Date of Award
Doctor of Education (Ded)
Dr. Laura Schulte
Dr. Martha Bruckner
Dr. Tommie Radd
Dr. Larry Dlugosh
Fifty-one middle school teacher volunteers in an urban, Midwestern school district were surveyed to determine their personality and temperament type using the 93 forced choice question Myers-Briggs Type Indicator (MBTI) Self-Scorable Form M. Each question contained two options and each question was weighted “1”. Two administrators rated those same teachers' teaching effectiveness using the 34 question Teacher Effectiveness Survey (TES). There were three subscales on the TES; instructional performance, professional development, and leadership skills. The Overall score included all three subscales' mean scores. A 5-point Likert scale with 1 as “Poor” and 5 as “Excellent” was used on the TES. Percentages and modes were determined for personality types and means and standard deviations were calculated to determine teaching effectiveness. Chi-Square Tests of Independence were calculated to determine if there was a statistically significant relationship between teacher personality temperament types and years of experience and core vs. non-core teaching. Multiple t-tests were calculated to determine if there was a statistically significant relationship between teachers' effectiveness scores and core vs. non-core teaching. The one-way analysis of variance (ANOVA) was used to determine if there was a statistically significant relationship between teachers' effectiveness scores and years of teaching experience (current and overall) as well as the relationship between teaching effectiveness and teachers' personality temperament types. There was a statistically significant relationship in the Leadership Skills category of teaching effectiveness and current years of teaching experience. Teachers with 11–15 years of current teaching experience (M = 3.72, SD = 0.28) were rated significantly higher than teachers with 1–5 years of current teaching experience ( M = 2.30, SD = 0.88). Although no other statistically significant relationships were found, the data provided information regarding the need for staff development to improve teacher effectiveness. In addition, the data provided information that would encourage further investigation into the relationship between teacher personality and teacher effectiveness.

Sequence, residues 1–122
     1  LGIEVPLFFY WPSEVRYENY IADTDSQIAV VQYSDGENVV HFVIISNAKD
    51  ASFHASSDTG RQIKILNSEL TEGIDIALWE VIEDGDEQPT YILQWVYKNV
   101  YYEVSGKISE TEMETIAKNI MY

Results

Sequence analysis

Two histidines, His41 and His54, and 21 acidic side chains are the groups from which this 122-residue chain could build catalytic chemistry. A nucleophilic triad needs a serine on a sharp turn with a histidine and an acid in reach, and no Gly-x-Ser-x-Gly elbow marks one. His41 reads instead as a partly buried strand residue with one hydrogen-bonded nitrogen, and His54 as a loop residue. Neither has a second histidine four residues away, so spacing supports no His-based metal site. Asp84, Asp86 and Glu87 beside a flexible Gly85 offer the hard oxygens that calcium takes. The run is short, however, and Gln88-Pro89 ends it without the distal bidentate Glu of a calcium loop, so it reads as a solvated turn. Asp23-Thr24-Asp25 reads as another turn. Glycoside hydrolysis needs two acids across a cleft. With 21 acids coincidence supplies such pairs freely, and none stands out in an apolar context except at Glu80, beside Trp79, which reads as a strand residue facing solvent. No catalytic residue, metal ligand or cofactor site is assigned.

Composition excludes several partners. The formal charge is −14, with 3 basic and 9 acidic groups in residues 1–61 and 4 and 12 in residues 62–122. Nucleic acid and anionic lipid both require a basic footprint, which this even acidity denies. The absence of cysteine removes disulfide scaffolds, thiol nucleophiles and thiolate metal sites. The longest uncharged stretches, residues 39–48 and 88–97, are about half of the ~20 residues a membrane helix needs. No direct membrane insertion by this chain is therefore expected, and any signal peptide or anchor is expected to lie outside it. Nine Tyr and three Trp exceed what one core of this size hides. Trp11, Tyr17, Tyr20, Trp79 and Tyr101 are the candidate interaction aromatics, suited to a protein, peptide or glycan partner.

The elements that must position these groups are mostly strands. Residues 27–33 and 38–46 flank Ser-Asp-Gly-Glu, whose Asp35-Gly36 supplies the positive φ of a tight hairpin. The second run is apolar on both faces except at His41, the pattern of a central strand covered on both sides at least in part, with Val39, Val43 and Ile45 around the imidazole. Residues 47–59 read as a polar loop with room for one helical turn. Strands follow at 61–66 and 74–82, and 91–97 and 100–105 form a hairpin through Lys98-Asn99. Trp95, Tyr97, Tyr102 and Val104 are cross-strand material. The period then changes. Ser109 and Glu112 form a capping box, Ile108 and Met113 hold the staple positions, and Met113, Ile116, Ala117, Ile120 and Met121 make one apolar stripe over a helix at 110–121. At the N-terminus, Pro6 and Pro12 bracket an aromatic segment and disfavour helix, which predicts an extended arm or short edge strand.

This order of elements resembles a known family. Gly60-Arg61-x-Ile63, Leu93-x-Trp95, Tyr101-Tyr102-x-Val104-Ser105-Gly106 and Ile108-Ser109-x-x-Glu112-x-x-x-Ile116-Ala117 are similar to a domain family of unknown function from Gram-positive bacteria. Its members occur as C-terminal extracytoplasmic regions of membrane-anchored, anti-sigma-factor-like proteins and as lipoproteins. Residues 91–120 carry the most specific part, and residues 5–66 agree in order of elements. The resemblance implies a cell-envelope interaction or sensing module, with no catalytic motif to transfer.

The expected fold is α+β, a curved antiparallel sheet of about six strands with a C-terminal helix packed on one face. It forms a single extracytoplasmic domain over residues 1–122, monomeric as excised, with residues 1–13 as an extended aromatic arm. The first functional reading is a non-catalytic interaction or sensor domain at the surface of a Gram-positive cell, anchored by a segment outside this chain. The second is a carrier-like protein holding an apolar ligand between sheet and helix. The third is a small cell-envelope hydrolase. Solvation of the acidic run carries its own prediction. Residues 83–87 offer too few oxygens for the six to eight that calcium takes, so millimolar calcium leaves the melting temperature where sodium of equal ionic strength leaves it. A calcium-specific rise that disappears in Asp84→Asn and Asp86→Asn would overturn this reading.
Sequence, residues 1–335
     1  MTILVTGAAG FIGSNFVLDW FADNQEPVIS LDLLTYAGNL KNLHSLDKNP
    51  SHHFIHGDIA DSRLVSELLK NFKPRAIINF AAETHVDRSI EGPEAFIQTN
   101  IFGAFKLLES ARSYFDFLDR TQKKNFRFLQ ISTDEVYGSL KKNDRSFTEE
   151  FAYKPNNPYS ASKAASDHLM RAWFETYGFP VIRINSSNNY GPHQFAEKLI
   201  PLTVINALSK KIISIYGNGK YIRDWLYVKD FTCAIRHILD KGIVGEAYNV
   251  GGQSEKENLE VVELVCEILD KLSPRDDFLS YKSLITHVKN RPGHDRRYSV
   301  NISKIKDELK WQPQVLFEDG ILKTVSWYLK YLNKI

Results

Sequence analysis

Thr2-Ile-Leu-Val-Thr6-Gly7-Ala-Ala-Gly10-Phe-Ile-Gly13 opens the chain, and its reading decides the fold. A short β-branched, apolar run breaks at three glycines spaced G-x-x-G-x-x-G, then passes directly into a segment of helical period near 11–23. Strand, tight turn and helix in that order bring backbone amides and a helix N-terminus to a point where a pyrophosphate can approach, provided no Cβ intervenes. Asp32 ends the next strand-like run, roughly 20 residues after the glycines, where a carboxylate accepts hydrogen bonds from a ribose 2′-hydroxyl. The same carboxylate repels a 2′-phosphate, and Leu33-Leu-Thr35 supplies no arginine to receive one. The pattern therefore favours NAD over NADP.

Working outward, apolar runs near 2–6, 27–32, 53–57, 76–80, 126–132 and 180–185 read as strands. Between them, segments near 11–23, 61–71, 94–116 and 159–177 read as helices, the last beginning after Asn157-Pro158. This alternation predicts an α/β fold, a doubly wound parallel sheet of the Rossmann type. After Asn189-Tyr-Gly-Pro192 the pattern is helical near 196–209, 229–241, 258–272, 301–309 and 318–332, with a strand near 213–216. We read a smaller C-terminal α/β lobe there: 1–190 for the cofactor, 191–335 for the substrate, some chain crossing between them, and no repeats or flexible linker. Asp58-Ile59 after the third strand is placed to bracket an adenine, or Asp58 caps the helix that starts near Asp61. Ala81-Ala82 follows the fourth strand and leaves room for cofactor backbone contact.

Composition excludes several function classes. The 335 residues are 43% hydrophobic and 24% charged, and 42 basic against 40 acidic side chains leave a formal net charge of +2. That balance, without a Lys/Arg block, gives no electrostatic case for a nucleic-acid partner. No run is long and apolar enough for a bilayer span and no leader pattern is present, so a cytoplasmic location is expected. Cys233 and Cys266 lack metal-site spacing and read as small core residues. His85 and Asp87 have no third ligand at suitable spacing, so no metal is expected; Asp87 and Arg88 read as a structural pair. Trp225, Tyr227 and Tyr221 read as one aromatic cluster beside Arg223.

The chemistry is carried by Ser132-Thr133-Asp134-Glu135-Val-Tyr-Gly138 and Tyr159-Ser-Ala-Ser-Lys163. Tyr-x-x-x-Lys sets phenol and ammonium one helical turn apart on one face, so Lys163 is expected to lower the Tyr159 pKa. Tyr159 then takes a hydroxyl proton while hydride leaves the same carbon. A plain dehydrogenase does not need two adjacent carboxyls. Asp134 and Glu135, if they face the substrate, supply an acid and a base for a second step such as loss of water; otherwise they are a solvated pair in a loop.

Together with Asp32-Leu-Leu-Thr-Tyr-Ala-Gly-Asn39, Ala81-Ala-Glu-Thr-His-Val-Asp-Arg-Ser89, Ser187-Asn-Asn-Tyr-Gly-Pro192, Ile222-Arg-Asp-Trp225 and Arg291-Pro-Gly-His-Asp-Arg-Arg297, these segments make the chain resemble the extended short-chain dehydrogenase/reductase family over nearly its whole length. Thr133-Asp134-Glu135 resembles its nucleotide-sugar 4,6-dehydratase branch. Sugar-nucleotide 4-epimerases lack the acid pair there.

Talbott, Jeaneen Kaye, "The relationship between observable teaching effectiveness behaviors and personality types in a sample of urban middle school teachers" (2005). Student Work. 3436.
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